When Things Go Wrong, Why the Surprise?
Perhaps the most surprising thing about Christians today is how surprised many seem to be about how badly things are going in certain parts of the world. They are surprised by the economic hard times, the weird election cycles, the wholesale rejection of Christian values, and the general chaos of world events. The world-wide persecution of Christians is particularly alarming. A fair question might be: Why the surprise? Any serious follower of Jesus should know the current turn of events is not the aberration. Historically speaking, high regard for Christians is the true aberration. Jesus said, “Woe to you when all speak well of you, for that is what their ancestors did to the false prophets” (Luke 6:26). Jesus was not exactly well liked. Why should his followers expect to be? Peter said it succinctly: “Beloved, do not be surprised at the fiery ordeal that is taking place among you … as though something strange were happening to you” (1 Pet 4:12).
Even a modest recollection of history shows that Jesus followers are often mocked, persecuted, and sometimes martyred. This truth came home to me in a dramatic way a few years ago while traveling through Cappadocia in central Turkey. Cappadocia was home to some of the first Christian converts (Acts 2:9). By the time Peter writes a letter to them just a few years later, they are being maligned and persecuted (1 Pet 1:1, 2:12, 19; 3:13).
But these early disciples persevered well into the 6th century. The evidence of their faith and courage can be found in the modern-day Cappadocia. Cappadocia is noted for having one of the most exotic landscapes on the face of the earth. Volcanoes produced strange rock formations called “fairy chimneys.” Homes, monasteries, and churches were hewn out of the hardened lava deposits. But what is most striking is what can be found below ground. Dozens of ancient underground cities dot the region, some only recently discovered, and most never excavated. The largest, Derinkuyu, was once home to 20,000 or more Christians.
This underground city is like a massive inverted skyscraper reaching eight stories below the surface, complete with homes, stables, schools, churches, wells, storage rooms, wine presses, and baptisteries. As I stood on the grounds of an underground church, and then in the remains of a baptistery, I couldn’t help wondering about the Christians who lived there, enduring the waves of attackers—Persians, Arabs, and Turks—over many years. They had their own 9/11s and Paris attacks to contend with.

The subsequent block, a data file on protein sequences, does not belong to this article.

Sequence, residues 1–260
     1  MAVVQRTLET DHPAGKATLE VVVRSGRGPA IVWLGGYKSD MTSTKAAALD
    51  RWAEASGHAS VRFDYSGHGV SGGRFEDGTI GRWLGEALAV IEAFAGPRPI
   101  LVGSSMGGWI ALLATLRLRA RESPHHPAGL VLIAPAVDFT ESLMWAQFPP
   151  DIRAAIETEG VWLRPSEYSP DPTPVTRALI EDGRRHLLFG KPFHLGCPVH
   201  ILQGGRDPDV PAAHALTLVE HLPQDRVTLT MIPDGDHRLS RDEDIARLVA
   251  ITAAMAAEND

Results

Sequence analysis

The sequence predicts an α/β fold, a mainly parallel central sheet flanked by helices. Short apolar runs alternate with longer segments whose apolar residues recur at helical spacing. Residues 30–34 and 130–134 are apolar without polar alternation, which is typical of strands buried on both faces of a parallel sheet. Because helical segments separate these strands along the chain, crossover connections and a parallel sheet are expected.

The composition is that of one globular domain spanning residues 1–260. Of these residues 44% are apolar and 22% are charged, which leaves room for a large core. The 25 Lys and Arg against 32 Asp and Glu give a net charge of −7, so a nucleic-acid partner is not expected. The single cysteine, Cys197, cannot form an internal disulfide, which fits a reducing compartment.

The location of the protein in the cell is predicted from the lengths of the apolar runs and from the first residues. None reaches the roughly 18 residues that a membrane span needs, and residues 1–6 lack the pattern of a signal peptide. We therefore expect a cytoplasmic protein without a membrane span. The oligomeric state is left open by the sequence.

I wonder how Peter’s letter to the first Cappadocians might have sounded in their hearts when they heard these words: “For to this you have been called, because Christ also suffered for you, leaving you an example, so that you should follow in his steps” (1 Pet 2:21). “Above all, maintain constant love for one another, for love covers a multitude of sins.… [and] rejoice insofar as you are sharing Christ’s sufferings, so that you may also be glad and shout for joy, when his glory is revealed” (4:8, 13).
As we enter the season of Advent, a season of transcendent hope, it is good to remember where our true security resides. Nations, political movements, national leaders, and economic systems rise and fall. These may appeal for awhile, but ultimately disappoint. Our true hope lies elsewhere. We are called to “Hope in God” (Ps 42:5). As poet Will J. Brand wrote:
Earthly kingdoms rise and fall, Kings and nations come and go, Thou, O God, art over all, None Thine empire shall o’erthrow.
Peter’s words to the Cappadocians remains true today: “Beloved, do not be surprised … as though something strange were happening to you…. Therefore, let those suffering in accordance with God’s will entrust themselves to a faithful Creator, while continuing to do good” (1 Pet 4:12, 19).